The hippopotamus’s day
Is passed in sleep; at night he hunts;
God works in a mysterious way—
The Church can sleep and feed at once.
I saw the ’potamus take wing         25
Ascending from the damp savannas,
And quiring angels round him sing
The praise of God, in loud hosannas.
Blood of the Lamb shall wash him clean
And him shall heavenly arms enfold,         30
Among the saints he shall be seen
Performing on a harp of gold.
He shall be washed as white as snow,
By all the martyr’d virgins kist,
While the True Church remains below         35
Wrapt in the old miasmal mist.
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Bartleyby.Com Free Literature & Poetry

Ah Bartleby, Ah Humanity!

And so,—after the humble character of its namesake scrivener, or copyist—publishes the classics of literature, nonfiction, and reference free of charge.

   1 began as a personal research experiment in 1993 and within one year published the first classic book on the Web (Whitman’s Leaves of Grass). It was inconceivable then that a billion page views was possible, let alone, hundreds of millions of users.    2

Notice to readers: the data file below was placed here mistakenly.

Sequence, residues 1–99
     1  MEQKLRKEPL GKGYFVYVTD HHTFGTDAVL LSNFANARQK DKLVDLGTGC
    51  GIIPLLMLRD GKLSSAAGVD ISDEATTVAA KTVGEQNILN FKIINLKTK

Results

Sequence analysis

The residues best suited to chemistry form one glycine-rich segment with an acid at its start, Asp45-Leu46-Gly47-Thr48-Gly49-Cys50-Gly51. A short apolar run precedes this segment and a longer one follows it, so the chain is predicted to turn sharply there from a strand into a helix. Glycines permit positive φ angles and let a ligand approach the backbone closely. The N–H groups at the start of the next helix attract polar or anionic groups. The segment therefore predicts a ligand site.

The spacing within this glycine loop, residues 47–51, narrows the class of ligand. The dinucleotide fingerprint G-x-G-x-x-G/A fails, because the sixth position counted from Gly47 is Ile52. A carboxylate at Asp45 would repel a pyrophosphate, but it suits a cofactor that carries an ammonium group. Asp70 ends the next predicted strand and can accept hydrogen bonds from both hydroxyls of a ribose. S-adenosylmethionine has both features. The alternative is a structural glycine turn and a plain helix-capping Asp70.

I am proud to have shepherded our mission over the last two decades to serve both the academic community and the curious reader, especially continuing the development of our original offerings: quotations and poetry anthologies.    2
  I welcome you as a patron, encourage your thorough use of our services, and look forward to your comments to benefit the quality and selection of our texts:


Steven H. van Leeuwen
Chairman & CEO, Inc. – Great Books Online Free

Author: Steven H .van Leeuwen

Full Text & Source:

The Internet, Online, 25/10/2014

Sample Text:

English Usage: Language, Style & Composition
Strunk, William, Jr. 1918. The Elements of Style.
Roget’s International Thesaurus of English Words and Phrases. 1922.
Fowler, H. W. 1908. The King’s English, 2nd ed.
Mencken, H.L. 1921. The American Language, 2nd ed.
Quiller-Couch, Sir Arthur. 1916. On the Art of Writing.